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3 Months Post Op Tummy Tuck - Will I Be Able to Do a Half Marathon in March?

I ha a tummy tuck in July. I jist started running and it feels like my insdes are goin to fall out! Any advice to start running again? Will i be able to do a half marathon in March? No problems with my stomach except a small dog ear that is going to need fixed soon.

Doctor Answers (5)

Distance Running and Training After Surgery

+2

Getting back into running after surgery takes some patience. First of all, please do not begin any strenuous training until your surgeon gives you the all clear.

Several of my patients have successfully gotten back to half and full marathon races within the year after abdominoplasies. Most of them noticed that getting back into shape took some time, due to the downtime immediately following surgery. Once they got back in their running routines, they found that using a training group or coach helped since this allowed some flexibility in their schedule to allow for slightly longer recovery in between runs.

Be patient, don't expect a personal best time in June, listen to your body for signs that you need additional recovery or rest, and enjoy the training.


Chicago Plastic Surgeon
5.0 out of 5 stars 20 reviews

Running after a Tummy Tuck

+2

Normally, 6 weeks after a Tummy Tuck it is safe to resume vigorous physical activity, but gradually. You have not been running for a while, so it is like any new physical activity. Start slow, and build your tolerance again.

If you were running half marathons before your Tummy Tuck, it will come back quickly. If you have not been running for a few months, it will take a few months to et back in shape. If you have never run a half marathon, consider working with a trainer for endurance and strengthening. A light compression garment, may be helpful for comfort, but in most cases this is not necessary.

The advice above is general advice, and cannot take the place of a consultation. The best person to ask is your plastic surgeon. They know more about you and your operation.

Joseph Mele, MD
Walnut Creek Plastic Surgeon
5.0 out of 5 stars 6 reviews

Half marathon after tummy tuck

+2

You are ready to start running by three months after, but don't expect a PR. After all the time off you have to build from a base, so start back at a comfortable pace and run for a set time rather than a set distance. Racing will be frustrating until you are back to your old stride and at least 18 weeks of running.

Peter E. Johnson, MD
Chicago Plastic Surgeon
4.0 out of 5 stars 28 reviews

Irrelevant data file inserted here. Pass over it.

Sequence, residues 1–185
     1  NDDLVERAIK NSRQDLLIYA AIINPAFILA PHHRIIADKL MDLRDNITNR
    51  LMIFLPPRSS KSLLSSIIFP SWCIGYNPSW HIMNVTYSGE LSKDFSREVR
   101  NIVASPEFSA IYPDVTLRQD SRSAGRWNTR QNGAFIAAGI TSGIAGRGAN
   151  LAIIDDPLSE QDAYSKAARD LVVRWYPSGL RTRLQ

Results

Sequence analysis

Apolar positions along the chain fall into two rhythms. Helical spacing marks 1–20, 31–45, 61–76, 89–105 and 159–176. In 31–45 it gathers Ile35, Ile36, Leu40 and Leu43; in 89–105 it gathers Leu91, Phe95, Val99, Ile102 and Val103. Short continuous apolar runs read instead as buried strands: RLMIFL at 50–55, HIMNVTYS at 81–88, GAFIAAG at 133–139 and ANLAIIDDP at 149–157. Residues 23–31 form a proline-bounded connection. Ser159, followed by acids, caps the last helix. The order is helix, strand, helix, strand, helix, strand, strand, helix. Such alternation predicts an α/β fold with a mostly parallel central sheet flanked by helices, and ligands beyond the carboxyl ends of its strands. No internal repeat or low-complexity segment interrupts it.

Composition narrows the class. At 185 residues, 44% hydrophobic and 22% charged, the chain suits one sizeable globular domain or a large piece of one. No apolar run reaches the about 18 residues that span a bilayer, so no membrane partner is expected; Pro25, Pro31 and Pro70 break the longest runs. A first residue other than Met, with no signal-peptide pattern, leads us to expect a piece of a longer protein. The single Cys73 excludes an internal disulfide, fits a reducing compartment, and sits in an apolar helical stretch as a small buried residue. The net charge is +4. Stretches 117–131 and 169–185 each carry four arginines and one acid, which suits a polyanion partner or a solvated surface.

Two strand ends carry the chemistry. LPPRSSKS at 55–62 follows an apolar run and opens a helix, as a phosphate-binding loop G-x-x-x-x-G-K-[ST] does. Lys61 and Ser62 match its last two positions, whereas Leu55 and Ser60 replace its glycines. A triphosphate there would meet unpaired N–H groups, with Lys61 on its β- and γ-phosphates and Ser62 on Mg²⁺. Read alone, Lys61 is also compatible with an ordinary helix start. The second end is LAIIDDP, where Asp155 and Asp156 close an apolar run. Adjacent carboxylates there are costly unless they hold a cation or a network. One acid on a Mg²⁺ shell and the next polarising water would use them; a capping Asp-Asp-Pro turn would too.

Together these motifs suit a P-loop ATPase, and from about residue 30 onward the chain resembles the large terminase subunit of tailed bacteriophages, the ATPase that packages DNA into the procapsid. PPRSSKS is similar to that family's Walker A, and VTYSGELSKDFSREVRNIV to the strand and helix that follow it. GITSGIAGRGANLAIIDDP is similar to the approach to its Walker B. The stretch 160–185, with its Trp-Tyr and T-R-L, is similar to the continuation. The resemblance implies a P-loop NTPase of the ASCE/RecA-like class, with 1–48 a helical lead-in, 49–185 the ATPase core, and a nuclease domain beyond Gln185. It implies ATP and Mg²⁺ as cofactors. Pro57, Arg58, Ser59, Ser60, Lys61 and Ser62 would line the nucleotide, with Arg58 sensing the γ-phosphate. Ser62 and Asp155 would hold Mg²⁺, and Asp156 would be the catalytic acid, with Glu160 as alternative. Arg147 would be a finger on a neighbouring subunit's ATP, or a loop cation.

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Tummy Tuck And Running Marathon?

+1

Congratulations on having undergone the tummy tuck operation.  Of course, your plastic surgeon is in the best position to advise you about returning to specific activities.   The advice you receive online can only be general advice.  Assuming that you are able to train appropriately at this point, I think you should be able to participate in the half marathon in March.  The only advice I can provide is to “start slow” and listen to your body as you progress.

 Again, always best to check with your plastic surgeon regarding specific activities,  specially if you are experiencing any discomfort…

 Best wishes.

Tom J. Pousti, MD, FACS
San Diego Plastic Surgeon
5.0 out of 5 stars 727 reviews

Half Marathon in March?

+1

Usually by six weeks or so most patients can begin to resume their pre-op exercise routines. When they start, it can be difficult--as it might be if they stopped for six weeks for any reason. By this time, your repair is as solid as it will be, and getting back slowly to where you were before surgery should be accomplished over a month or so, easily for your half-marathon. 

If there are any particular issues, no one will be able to diagnose them online, so a visit to your surgeon, or at least a phone call is in order. 

Thanks, best wishes for a good run.

Jourdan Gottlieb, MD
Seattle Plastic Surgeon
4.5 out of 5 stars 31 reviews

These answers are for educational purposes and should not be relied upon as a substitute for medical advice you may receive from your physician. If you have a medical emergency, please call 911. These answers do not constitute or initiate a patient/doctor relationship.